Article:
We work hard all of our lives in order to provide a roof over the heads of our family members and to obtain those things in life which make us happy. When coming to the end of your life, you may be worried about a hefty inheritance tax being taken from your assets, thus taken from your beneficiaries. There are a few things that you can do in order to reduce the amount of assets you own in order to reduce the amount of tax that will be taken from your estate when you pass away. Inheritance tax (IHT) is paid on an estate which is worth more than £325k. Any amount above this figure is liable to be taxed at 40%.
Gifting in order to reduce inheritance tax
There are a few things that you could do in order to avoid this tax. Gifting monetary amounts is one of them. You are able to give up to £250 as a gift as many times as you like in a tax year. Every transaction will be tax-free straight away. Larger transactions could be subject to taxation if you passed away less than seven years after the gift. There is a detailed description of how the ‘seven year rule’ works on https://moneyweek.com/personal-finance/tax/inheritance-tax/603221/inheritance-tax-planning-the-rules-around-gifting. Much larger actions, such as gifting property is a little more complicated.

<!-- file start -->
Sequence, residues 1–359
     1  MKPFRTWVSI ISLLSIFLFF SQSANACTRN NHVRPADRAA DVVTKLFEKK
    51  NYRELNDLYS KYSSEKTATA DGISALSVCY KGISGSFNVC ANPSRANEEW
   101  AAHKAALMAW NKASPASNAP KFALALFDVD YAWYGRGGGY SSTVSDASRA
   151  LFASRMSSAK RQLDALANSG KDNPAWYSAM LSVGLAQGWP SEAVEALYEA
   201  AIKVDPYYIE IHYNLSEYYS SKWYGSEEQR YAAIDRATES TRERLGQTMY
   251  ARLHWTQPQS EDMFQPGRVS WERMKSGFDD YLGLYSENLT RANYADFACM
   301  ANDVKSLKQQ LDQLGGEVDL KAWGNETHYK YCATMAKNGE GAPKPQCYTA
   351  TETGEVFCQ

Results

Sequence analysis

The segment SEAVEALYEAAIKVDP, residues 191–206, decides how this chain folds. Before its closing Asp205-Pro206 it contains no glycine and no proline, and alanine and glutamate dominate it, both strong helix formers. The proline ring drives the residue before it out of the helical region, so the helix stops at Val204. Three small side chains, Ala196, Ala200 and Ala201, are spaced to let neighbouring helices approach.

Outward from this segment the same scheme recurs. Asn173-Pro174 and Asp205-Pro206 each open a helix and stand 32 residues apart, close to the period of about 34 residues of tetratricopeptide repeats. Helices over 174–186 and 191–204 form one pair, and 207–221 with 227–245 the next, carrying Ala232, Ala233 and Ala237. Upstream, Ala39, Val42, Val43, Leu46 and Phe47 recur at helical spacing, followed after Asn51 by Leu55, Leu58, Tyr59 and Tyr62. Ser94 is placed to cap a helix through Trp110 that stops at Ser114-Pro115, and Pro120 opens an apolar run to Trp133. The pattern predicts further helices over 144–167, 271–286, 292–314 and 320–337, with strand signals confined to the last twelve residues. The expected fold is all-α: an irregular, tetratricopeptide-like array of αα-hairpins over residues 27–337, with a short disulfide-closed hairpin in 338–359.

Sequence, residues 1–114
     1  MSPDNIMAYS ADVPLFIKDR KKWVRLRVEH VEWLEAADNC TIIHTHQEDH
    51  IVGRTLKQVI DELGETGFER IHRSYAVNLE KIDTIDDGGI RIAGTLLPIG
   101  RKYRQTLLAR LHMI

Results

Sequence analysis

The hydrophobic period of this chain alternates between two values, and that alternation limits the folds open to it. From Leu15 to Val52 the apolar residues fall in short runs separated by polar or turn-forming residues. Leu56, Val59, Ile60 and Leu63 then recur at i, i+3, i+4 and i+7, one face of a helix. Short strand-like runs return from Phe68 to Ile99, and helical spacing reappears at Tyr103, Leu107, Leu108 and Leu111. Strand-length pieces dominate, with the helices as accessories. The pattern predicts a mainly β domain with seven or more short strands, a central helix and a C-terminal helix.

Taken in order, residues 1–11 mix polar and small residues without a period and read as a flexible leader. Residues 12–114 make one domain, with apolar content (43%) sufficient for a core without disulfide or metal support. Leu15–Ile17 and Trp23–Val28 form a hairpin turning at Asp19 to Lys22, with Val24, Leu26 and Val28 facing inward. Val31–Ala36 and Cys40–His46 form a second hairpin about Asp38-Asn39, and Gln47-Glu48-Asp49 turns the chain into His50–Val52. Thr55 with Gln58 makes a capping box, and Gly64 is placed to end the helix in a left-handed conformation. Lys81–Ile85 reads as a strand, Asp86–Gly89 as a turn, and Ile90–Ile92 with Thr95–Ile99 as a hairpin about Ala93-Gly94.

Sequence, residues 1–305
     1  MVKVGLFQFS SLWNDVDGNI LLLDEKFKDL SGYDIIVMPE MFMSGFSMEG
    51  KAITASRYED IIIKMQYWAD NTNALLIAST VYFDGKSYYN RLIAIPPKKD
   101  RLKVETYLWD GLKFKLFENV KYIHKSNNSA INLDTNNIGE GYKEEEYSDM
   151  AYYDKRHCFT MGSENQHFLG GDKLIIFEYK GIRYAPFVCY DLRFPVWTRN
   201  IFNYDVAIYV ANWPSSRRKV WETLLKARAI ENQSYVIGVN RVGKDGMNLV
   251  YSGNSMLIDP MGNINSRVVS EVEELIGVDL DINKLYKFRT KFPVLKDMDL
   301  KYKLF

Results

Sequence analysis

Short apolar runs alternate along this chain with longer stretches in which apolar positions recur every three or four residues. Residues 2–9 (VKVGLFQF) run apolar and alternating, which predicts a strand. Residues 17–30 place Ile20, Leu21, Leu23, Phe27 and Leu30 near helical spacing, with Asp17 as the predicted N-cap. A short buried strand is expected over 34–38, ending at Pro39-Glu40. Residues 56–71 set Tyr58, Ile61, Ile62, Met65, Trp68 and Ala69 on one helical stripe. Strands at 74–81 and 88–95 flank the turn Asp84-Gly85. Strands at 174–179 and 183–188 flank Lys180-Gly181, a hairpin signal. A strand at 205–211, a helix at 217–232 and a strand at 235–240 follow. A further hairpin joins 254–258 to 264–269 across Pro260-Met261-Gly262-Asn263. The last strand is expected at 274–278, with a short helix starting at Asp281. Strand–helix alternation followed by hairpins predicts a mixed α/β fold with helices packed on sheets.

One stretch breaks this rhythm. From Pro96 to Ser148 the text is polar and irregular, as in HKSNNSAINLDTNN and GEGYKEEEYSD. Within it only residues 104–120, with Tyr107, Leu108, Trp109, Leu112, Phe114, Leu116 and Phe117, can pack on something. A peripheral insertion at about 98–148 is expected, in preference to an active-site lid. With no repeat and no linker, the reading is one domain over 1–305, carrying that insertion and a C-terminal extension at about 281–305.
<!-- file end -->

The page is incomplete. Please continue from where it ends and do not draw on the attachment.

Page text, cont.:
If you wish to leave your home to your spouse or partner, there is no inheritance tax to pay on this. The good news for your children and grandchildren is that the allowance of £325k can be increased to £500k if you are planning on gifting property to them in your will. Some people think that if they sign the deeds over to their children, but continue living in the property, that they will have completely dodged the system. This is not true. If a property is given away to someone else, rent (at a rate appropriate for similar homes in the area) will have to be paid as well as a fair share of the bills. The ‘seven year rule’ mentioned above also comes in to play here. If you die within seven years of gifting the property, this will still be counted as your asset and is therefore subject to taxation.
It is important to gain the necessary advice, keep records to the best of your ability and to prepare as best as you can to ensure that these transactions run as smoothly as possible for those left behind when you pass away. Leaving detailed instructions in your will is the best way to ensure that your wishes are followed after you die.